This simulation allows the user to project CO2 sources and sinks by adjusting the points on a graph and then running the simulation to see projections for the impact on atmospheric CO2 and global temperatures.

This short series of lessons has multiple facets that may require several class periods to implement. Lessons explore the importance of engineering solutions to the management of climate change, by brainstorming ways to remove CO2 from the atmosphere and store it in a form that does not promote global warming. Students can explore engineering careers and experience learning through the scientific process.

This straightforward calculator provides conversions from one unit of energy to the equivalent amount of CO2 emission expected from using that amount.

In this activity, students learn about the pros and cons of co-firing woody biomass fuels with coal to produce electricity.

This video features the story of a multi-generational family-run dairy business in Oregon that aspires for sustainability while serving a local market, conserving energy, and reducing greenhouse gas emissions by burning waste from its dairy cows.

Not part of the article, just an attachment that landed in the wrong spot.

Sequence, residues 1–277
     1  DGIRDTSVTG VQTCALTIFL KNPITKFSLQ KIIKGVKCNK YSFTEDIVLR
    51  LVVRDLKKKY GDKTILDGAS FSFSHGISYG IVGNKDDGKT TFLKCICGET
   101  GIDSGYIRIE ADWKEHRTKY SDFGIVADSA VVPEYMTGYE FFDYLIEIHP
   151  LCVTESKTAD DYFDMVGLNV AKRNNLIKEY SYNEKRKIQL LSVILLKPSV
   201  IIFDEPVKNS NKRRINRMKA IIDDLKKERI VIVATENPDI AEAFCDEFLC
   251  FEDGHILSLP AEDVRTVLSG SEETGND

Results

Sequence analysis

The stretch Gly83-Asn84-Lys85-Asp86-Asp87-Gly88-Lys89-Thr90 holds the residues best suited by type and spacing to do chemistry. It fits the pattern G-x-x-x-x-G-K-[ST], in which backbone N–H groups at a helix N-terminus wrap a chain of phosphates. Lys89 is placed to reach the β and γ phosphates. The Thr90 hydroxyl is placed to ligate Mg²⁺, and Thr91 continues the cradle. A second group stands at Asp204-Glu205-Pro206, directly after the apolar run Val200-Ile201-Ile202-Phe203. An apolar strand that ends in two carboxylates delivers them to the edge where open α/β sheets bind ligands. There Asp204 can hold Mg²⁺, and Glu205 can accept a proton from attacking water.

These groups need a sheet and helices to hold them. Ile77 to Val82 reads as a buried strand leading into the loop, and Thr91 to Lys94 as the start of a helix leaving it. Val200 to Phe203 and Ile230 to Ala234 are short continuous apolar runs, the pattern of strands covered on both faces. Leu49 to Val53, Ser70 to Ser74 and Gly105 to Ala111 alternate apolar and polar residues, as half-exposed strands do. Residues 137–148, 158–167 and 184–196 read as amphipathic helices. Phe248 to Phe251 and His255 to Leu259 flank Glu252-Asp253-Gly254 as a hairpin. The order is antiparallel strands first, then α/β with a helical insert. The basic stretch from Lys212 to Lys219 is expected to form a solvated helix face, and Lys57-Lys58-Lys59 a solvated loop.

This visualization is a website with an interactive calculator that allows for estimation of greenhouse gas production from croplands in the United States.

This interactive provides two scenarios for students to look at issues related to energy and climate change: from the perspective of either a family, or a monarch.

This interactive/applet allows the user to explore the potential increase in carbon emissions over the next 50 years, subject to modifications made by the user in various technologies that impact carbon output. Part of the Visualizing and Understanding the Science of Climate Change module.

This is a series of 10 short videos, hosted by National Science Foundation, each featuring scientists, research, and green technologies. The overall goal of this series is to encourage people to ask questions and look beyond fossil fuels for innovative solutions to our ever-growing energy needs.

In this activity, students use a spreadsheet to calculate the net carbon sequestration in a set of trees; they will utilize an allometric approach based upon parameters measured on the individual trees. They determine the species of trees in the set, measure trunk diameter at a particular height, and use the spreadsheet to calculate carbon content of the tree using forestry research data.